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A 23-year-old’s home buying journey

When it comes to buying a home, you first need to understand “this is going to be the largest purchase of your lifetime, so this is nothing to play games about,” Jennifer said in one of her TikTok clips. She advised other prospective buyers to seek out a “top notch” mortgage lender who will “educate you through the entire process.”

Jennifer claims she found a lender who explained to her step by step that “... I needed a 680 credit score. I needed a low debt-to-income ratio. I needed enough money saved in the bank for the down payment and also the closing costs and then I also had to have two years of work history.”

So, the college graduate “got to work” and secured a job as an operations manager at a local gym, earning $16 per hour for 40 hours a week, she shared in another TikTok clip. That netted her around $2,300 after taxes every month — of which she claims she managed to save around $1,600 to $2,000 or sometimes the entire amount for her house fund.

“Now, my young people, how did I save money only making $2,300 a month?” she asked, directly addressing her TikTok followers.

“I was being very disciplined. I was not going out every weekend, partying and spending all my money,” she said — adding that she was living with her mom at the time. “When people would ask me to go on trips or vacations, I would tell them ‘No, I’m saving for a house right now.’”

After nine months of saving every spare dollar she had, Jennifer officially started house hunting and within two more months, she’d snapped up her first home.

She did not share how much she bought the house for, but it appears she purchased the property in 2022, when the average 30-year mortgage rates ranged from 3.22% in January to a high of 7.08% at the end of October, per Freddie Mac records.

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Tips for Americans struggling to achieve goals

Jennifer’s home buying success caught the attention of TV personality Dr. Phil, who invited her on his show in April to talk about her motivations and how they contrast to trends often attributed to younger Americans, such as “quiet quitting,” “lazy girl jobs” and “doing the bare minimum.”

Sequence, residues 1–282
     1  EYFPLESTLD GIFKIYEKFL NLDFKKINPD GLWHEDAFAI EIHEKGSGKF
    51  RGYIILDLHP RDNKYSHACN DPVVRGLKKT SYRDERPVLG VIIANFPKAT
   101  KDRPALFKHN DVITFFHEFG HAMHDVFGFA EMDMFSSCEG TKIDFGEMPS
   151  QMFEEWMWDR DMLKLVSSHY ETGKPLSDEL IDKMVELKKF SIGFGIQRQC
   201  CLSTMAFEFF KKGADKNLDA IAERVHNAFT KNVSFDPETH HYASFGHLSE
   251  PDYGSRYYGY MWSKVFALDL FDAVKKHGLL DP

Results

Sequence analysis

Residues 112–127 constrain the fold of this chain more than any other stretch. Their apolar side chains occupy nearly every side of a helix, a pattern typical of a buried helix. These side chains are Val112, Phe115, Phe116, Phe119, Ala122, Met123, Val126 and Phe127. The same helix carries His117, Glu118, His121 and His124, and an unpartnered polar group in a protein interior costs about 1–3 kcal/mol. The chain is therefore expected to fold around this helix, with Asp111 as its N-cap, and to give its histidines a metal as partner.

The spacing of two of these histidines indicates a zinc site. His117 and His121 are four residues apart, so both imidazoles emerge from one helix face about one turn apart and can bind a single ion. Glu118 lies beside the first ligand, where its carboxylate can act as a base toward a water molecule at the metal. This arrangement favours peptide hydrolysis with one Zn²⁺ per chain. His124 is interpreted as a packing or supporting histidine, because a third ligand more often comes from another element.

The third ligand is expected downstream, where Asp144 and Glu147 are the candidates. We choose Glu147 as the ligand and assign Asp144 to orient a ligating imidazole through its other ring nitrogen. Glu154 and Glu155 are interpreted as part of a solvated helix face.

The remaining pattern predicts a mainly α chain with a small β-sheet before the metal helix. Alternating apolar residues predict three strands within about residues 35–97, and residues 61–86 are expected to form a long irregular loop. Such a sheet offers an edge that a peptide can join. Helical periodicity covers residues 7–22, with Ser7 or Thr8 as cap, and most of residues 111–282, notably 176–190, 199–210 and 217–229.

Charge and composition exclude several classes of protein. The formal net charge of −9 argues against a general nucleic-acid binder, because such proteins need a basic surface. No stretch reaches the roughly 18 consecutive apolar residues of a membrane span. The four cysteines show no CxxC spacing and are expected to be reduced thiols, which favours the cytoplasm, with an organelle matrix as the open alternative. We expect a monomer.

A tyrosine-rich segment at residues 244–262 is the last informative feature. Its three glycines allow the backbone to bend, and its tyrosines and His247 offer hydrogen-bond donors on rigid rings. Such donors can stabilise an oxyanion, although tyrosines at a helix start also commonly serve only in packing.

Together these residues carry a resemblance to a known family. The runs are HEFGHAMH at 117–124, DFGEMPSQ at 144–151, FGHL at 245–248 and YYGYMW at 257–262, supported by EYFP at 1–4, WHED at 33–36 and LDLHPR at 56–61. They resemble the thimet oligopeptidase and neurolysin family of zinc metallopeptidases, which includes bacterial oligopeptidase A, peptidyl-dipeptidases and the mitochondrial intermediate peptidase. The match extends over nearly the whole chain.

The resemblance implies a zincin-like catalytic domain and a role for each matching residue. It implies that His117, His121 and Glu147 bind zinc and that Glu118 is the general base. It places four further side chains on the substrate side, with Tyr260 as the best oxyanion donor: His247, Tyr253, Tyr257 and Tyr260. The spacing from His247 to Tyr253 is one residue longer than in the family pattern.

She explained that her “biggest motivation came from [her] parents,” who are in their early 60s and still working “not by choice, but because they have to.”

“I see my parents everyday, getting up, going to work and I told myself: ‘I don’t want to be like that.’ I don’t want to have to work when I’m 60. I want to have a choice whether I want to go to work or not,” she said, which is similar to what other early retirees have said.

That was the moment Jennifer decided to get into real estate, starting with buying her first home. But she admitted socking away everything into savings wasn’t always easy.

“Sacrificing fun for a short period of time is much more rewarding than staying in the same spot in my life for years,” she said. “It’s super hard. It’s much harder to choose discipline than it is to just say: ‘Forget the goals.’ But it’s worth it.”

Jennifer agreed with Dr. Phil that young Americans lack drive — which is why some are ‘doom spending’ and rejecting major life goals like homeownership or saving for retirement. She thinks a lack of education is to blame.

“I think the problem is, a lot of people don’t have any goals. People don’t have goals because there’s a lack of knowledge,” she told Dr. Phil. “People don’t know that they can buy a house. People don’t know that they can be an investor. People don’t know what’s attainable. They just tell themselves: ‘I won’t ever be able to do that.’

“For me, I go get that information. Even if it’ll take you a year or two or three to save that money to do what you want to do, it’ll happen. That’s better than [it] never happening.”


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Bethan Moorcraft is a reporter for Moneywise with experience in news editing and business reporting across international markets.


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